7. Tosca says:

    Joe Millis.

    “Boycott settlement goods. Make Israel a decent Zionist country again.”

    That comment is based on gross historical and legal ignorance, which is all too prevalent.

    The legal status of the so-called West Bank is identical to that of Israel behind the Green line, in international law.
    It’s legal status was enshrined in international law at the San Remo on April 25th. 1920, and is the same basis for the legality of Syria, lebanon and Iraq.
    As far as the Arabs are concerned, all of Israel is settlement land, and they openly tout that view.
    It is only nation states who believe it is in their “interests” to woo the Muslim nations, that propogate the lie of illegality.
    Others, such as yourself, are simply “useful idiots”.

    I suggest you consult Howard Grief’s treatise on Jewish sovereignty over the land of Israel in his book “The legal foundation and borders of Israel under international law” before you sound off again.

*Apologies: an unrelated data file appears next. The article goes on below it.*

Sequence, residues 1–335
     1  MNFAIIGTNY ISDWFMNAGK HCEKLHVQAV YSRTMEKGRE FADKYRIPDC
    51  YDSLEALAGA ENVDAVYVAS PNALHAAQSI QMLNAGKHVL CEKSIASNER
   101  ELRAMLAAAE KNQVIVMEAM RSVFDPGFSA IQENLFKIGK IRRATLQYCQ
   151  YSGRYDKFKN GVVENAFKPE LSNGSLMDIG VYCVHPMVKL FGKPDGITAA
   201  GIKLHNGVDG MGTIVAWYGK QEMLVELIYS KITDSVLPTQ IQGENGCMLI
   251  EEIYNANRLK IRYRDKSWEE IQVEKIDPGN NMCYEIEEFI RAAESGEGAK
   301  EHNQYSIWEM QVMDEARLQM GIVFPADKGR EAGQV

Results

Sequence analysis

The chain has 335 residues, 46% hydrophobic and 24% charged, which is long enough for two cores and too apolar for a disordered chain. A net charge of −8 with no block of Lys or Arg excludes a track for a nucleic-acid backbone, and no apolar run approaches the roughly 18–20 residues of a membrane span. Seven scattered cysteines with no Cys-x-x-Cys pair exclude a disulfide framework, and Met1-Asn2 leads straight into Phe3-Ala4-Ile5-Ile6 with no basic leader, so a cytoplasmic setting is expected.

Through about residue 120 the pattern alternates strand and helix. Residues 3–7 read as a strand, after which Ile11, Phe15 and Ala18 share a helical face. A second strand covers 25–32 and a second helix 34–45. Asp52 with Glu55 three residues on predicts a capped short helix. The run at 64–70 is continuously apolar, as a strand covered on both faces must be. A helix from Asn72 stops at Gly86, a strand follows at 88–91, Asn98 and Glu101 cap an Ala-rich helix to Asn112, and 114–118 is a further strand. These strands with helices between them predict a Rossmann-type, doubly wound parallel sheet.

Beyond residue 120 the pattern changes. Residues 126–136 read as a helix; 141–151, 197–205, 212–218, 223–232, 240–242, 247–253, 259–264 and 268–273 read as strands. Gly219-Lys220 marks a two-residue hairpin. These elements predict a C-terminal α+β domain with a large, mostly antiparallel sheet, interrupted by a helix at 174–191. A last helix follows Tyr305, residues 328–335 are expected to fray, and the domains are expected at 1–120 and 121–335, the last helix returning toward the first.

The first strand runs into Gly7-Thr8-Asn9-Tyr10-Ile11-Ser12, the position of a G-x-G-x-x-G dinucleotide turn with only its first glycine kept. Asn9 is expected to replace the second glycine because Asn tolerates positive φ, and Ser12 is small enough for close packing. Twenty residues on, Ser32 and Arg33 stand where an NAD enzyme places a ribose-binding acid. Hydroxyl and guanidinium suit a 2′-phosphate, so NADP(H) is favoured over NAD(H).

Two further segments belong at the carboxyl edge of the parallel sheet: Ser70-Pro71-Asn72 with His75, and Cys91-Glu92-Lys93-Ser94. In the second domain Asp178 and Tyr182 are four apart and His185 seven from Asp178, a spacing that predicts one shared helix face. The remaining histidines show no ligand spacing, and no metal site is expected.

There is a summarised version of the book.

    • Joel says:

      I don’t necessarily agree with Joe Millis either, but with regards to your comments above (aimed at me) – I believe that the ‘useful idiots’ are the ones who, in the name of supporting Israel, get so carried away with rolling off the official Government line, that they can’t recognise the difference between what’s protecting us and what’s harming us by taking the concept of the rule of law to the extreme.

      • Just a Thought says:

        You should spend less time and words abusing those who disagree with you (“useful idiots”) and more time trying to convince Israelis that they should let you govern them rather than governing themselves.